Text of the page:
Interestingly, Michigan continues its unusual logic by suggesting that two ways to make up for less CME as a result of reduced commercial funding would be charging its doctors more to attend CME events, and online-based activities. The first idea, charging doctors more, is particularly troubling for academics who already make minimal salaries for significant amounts of work, and who for the most part, are essentially banned from any outside work. Second, this simply punts the ball to commercially supported internet based CME. Creating internet CME is prohibitively expensive for universities, and those that do in-house programs the quality of online-based programs is uncertain.
But as a patient, would you want your physician to learn how to treat you over the phone or computer, instead of hands on at a hospital or company that created the device or drug they are going to use?
Unfortunately, all of the actions taken by institutions thus far to ban commercial support of CME have been unnecessary, and will only harm patients and widen gaps in care. Specifically, there is no need for institutional policies to ban commercial instruction for two simple reasons. First, there has been no reliable evidence to show any harm to patients that has come from commercial funding of CME.
Second, ACCME regulations adopted from 2004, and recently revised in 2009, provide significant standards for the involvement in CME of pharmaceutical companies and manufacturers of medical device and other medical product makers. Among other things, these standards prohibited commercial interests from directly controlling the content of CME. Moreover, with respect to product-related presentations by industry, if CME providers choose to have an industry employee present, they must institute measures to independently vet the content of such presentations. Such safeguards would include establishing a rigorous peer review of the research and its results and conclusion, changing content on presentations to ensure appropriate balance, and ensuring that the selection of content for presentation is made by individuals free from relevant financial relationships.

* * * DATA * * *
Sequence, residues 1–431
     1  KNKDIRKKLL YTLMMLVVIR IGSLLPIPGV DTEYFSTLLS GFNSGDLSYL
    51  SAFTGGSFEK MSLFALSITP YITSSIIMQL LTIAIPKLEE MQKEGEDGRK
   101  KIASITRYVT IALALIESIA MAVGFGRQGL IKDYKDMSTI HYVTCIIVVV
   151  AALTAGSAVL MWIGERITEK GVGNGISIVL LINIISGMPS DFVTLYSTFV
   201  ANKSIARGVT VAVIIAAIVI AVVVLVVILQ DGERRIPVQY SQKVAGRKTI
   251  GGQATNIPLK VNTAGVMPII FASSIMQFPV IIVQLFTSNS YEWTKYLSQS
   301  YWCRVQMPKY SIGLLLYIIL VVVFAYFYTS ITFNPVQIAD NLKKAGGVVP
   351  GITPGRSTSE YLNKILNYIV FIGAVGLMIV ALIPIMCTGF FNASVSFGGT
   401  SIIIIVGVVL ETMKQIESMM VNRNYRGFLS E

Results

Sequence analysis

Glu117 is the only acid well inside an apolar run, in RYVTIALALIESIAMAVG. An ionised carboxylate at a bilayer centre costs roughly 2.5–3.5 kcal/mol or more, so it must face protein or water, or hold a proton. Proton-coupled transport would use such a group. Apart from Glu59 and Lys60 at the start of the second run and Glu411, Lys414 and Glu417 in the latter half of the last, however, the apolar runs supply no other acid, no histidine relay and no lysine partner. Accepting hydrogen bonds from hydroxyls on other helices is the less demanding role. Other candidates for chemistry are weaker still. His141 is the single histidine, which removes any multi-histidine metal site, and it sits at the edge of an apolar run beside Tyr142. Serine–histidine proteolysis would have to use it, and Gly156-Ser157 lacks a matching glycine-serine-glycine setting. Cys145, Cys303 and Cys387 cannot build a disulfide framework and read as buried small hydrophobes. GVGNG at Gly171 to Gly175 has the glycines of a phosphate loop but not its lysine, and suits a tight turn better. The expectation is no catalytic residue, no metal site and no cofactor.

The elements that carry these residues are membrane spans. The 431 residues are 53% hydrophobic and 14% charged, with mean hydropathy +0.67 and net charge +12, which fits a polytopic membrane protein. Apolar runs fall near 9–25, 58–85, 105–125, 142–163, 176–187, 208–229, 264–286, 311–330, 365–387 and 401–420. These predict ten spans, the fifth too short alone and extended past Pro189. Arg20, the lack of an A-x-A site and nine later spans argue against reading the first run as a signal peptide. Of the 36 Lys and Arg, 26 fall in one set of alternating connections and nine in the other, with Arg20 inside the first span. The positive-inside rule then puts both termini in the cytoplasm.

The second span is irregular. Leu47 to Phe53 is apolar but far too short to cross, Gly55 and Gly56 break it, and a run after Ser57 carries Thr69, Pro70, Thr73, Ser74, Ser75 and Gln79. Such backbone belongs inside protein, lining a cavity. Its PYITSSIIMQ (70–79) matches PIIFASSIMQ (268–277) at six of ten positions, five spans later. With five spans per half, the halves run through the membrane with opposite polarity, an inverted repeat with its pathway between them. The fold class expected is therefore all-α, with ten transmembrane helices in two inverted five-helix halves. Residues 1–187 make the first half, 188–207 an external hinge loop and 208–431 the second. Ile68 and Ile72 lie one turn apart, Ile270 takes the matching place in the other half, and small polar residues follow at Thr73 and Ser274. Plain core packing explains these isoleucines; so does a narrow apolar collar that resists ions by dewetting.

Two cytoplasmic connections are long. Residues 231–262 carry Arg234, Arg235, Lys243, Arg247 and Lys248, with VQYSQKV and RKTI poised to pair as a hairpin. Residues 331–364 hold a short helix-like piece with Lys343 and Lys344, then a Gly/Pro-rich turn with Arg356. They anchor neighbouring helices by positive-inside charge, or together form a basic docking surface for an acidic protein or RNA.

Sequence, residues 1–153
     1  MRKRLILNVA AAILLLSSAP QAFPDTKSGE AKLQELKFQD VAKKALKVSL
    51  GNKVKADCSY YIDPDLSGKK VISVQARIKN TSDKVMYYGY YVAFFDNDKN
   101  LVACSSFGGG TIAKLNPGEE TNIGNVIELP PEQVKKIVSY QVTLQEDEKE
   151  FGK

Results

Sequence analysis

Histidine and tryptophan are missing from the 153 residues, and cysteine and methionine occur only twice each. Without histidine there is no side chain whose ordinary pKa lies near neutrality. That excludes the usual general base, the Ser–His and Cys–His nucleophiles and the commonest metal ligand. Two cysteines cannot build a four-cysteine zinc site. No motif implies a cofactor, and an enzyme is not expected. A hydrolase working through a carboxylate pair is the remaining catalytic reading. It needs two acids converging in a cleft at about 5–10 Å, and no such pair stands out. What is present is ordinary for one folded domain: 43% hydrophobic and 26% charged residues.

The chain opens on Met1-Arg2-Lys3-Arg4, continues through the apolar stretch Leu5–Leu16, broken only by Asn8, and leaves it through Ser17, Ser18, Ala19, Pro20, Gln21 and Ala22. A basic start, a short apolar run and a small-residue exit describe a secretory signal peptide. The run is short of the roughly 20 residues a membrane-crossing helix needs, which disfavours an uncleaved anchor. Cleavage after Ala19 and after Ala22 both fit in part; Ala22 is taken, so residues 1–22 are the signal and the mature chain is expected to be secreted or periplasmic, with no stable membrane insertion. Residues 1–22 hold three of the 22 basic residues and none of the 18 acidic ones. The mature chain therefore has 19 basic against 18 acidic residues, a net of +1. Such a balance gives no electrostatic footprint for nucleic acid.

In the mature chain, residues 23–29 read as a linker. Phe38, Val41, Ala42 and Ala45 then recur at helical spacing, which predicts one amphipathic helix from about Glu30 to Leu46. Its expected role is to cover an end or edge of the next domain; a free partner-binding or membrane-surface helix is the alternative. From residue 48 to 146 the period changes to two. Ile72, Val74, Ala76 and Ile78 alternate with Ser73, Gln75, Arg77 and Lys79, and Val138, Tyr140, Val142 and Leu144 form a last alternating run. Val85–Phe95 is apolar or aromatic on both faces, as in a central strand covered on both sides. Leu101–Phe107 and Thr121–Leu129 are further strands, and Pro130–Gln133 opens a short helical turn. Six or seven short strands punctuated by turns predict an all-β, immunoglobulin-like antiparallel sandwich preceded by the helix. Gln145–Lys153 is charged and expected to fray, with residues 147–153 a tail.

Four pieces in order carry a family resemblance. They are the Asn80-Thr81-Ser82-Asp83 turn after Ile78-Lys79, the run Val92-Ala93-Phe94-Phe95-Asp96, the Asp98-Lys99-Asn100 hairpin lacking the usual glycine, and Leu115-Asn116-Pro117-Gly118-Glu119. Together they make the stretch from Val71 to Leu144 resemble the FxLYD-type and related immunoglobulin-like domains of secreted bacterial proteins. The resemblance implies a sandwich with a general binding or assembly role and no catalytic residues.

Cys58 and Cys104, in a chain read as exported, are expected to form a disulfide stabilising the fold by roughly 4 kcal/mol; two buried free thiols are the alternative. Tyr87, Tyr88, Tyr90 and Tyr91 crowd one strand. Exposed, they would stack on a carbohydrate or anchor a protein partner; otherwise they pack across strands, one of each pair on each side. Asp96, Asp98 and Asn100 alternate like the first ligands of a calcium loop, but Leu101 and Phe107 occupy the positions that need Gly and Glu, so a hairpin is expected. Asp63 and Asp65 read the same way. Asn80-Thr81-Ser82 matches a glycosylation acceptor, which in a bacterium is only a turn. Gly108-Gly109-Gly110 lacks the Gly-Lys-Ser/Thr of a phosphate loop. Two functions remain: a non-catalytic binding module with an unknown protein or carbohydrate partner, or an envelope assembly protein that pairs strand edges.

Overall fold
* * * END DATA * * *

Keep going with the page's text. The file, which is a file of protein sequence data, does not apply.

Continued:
Ultimately, if only industry critics had taken the time to sit down with CME providers, physicians, academic medical centers, industry and patients to have an open discussion about the proper role of industry funded CME, we wouldn’t be faced with any challenges about who is going to fund the legally necessary and required CME our doctors must have.
This discussion is necessary because as Dr. Wittes pointed out, institutions like Memorial Sloan-Kettering Cancer Center will “never completely ban collaborations between faculty and industry because such interactions help to improve commercial science, products, and product testing.” Accordingly, since he also asserted that “for the public good, it doesn’t make sense not to work with companies,” policies now being adopted by institutions that restrict commercial funding of CME must be reconsidered immediately before physicians are left with less education, and patients less options.